1. A lot of people fail to realize how much work goes into making these softwares. This is the exact reason, I believe anyway, that the blind consumer market isn’t progressing. Someone comes out with a piece of software, charges for it, and people whine because they want it for free. News flash, people. Not all of us blind people get our bills paid by mommy and daddy. Not all of us are just “hobbiest developers”–that’s a kid’s dream.
    I’ve always thought that the developers need to start treating their “hobbies” more like businesses to really push the market. Toth is someone who is doing this, which means, in the end, he’s going to be taxed on his income. This also means he has to pay annual fees to the state, send in income reports, send in sales tax, etc. Consider all that, and then consider you, the consumer, click a “buy now” button and paying $10.00.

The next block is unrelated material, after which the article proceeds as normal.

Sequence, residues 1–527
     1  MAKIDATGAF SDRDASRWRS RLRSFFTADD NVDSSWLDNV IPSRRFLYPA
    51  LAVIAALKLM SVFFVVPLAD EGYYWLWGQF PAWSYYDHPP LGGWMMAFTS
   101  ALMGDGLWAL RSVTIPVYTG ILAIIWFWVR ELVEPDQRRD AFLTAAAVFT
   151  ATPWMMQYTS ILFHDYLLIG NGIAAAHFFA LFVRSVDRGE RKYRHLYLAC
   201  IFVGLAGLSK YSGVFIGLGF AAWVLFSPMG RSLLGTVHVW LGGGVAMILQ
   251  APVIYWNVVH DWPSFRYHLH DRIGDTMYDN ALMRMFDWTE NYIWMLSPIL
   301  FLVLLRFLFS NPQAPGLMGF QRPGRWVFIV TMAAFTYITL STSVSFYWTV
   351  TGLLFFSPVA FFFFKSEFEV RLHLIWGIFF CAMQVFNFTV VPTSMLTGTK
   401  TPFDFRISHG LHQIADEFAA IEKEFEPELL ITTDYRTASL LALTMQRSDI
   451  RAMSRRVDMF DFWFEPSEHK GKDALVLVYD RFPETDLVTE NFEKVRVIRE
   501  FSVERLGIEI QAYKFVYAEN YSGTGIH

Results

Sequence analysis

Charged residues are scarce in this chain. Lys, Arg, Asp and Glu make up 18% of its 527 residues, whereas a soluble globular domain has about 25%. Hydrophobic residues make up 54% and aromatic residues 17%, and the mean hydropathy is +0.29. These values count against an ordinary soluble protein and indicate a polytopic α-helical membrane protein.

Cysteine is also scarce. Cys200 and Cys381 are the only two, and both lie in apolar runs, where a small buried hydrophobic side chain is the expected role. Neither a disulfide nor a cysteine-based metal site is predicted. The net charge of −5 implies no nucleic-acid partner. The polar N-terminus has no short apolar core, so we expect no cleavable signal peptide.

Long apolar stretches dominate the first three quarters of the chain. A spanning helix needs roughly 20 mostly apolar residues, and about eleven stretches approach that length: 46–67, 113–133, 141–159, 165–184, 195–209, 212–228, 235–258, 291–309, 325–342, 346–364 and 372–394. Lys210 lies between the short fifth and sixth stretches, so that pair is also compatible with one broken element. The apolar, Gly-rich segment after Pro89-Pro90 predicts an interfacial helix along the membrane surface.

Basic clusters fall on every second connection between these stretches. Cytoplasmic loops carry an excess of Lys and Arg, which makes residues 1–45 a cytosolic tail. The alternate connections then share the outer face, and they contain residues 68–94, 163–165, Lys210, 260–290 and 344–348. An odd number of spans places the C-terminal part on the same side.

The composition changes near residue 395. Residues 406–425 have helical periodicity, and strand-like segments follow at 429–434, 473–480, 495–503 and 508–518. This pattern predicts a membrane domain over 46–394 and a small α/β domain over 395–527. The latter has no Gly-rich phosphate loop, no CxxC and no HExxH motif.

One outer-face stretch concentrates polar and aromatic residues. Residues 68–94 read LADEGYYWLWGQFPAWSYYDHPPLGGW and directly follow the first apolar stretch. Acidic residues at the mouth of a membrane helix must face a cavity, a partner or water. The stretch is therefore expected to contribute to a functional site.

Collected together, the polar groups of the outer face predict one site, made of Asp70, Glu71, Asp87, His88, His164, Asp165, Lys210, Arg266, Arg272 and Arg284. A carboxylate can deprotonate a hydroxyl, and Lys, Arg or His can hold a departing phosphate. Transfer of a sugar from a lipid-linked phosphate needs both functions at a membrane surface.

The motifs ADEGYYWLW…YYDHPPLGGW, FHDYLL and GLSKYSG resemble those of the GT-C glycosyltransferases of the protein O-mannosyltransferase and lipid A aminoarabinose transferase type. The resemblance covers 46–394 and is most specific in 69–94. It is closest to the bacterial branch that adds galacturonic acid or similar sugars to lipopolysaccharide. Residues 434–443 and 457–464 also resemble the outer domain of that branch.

I have my own reasons for not using Qwitter and not buying Pandora, but if this is your type of thing, you should support the developer.

    Reply
    • This is exactly my point. I see a major problem when people who are making more money than me are whining that they want Hope for free. No, the registration system, as of yet, doesn’t prevent this. Should you take advantage of that? No. It’s indecent and it’s thievery. People may have their reasons to not buy Hope or not use Qwitter. You may just really dislike Q for whatever reason. But that’s no reason to steal his software and be even more blatantly disrespectful by asking someone to hand it to you for free, publicly. That’s disgusting.

      Reply